Sam Fuld was playing whiffle ball when he was three years old and figuring out batting averages and ERAs at age five. Growing up in New Hampshire, a book of baseball stats served, according to his mother, "like a security blanket".
He majored in economics at Stanford and, after reading Moneyball, he applied for an internship at Stats Inc.
I was one of their reporters, which meant that I looked at game video and plotted the "TVL" -- type, velocity and location -- of every pitch. They have this grid where you click on exactly where the ball crosses the plate. Play the tape, pause and repeat. ...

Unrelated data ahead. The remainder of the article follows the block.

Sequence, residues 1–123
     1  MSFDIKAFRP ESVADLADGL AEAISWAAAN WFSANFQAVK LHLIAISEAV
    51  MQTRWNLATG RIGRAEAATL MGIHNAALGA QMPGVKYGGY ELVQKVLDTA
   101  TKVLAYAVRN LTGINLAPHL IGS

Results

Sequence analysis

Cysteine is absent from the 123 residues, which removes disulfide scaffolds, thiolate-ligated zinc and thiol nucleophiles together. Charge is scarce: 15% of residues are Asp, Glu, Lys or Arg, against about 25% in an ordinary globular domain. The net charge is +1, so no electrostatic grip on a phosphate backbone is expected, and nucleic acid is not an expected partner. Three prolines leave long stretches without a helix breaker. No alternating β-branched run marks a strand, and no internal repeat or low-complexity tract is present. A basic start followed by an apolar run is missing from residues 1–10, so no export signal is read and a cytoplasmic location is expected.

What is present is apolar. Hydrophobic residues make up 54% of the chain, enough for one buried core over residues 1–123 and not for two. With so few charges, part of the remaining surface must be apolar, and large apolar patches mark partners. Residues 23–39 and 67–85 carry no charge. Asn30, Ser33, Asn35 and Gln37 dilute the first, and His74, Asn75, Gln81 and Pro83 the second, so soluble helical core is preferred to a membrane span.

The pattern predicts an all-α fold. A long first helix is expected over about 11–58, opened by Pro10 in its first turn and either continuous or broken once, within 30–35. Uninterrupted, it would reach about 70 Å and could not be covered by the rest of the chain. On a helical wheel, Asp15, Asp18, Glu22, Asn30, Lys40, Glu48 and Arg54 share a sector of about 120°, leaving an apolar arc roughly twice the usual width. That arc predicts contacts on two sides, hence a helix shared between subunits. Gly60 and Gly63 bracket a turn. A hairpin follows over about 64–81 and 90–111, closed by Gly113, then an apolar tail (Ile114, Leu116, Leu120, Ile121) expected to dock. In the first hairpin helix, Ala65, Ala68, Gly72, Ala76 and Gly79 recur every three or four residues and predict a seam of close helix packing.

There's so many statistics out there that I thought "There's no stats on foul balls," so I picked a few players and started tracking them, thinking I'd find something. ... There's a U-Haul that takes your stuff from spring training to the minor league sites, and my bag with the notebook of all my [foul ball] stats was stolen.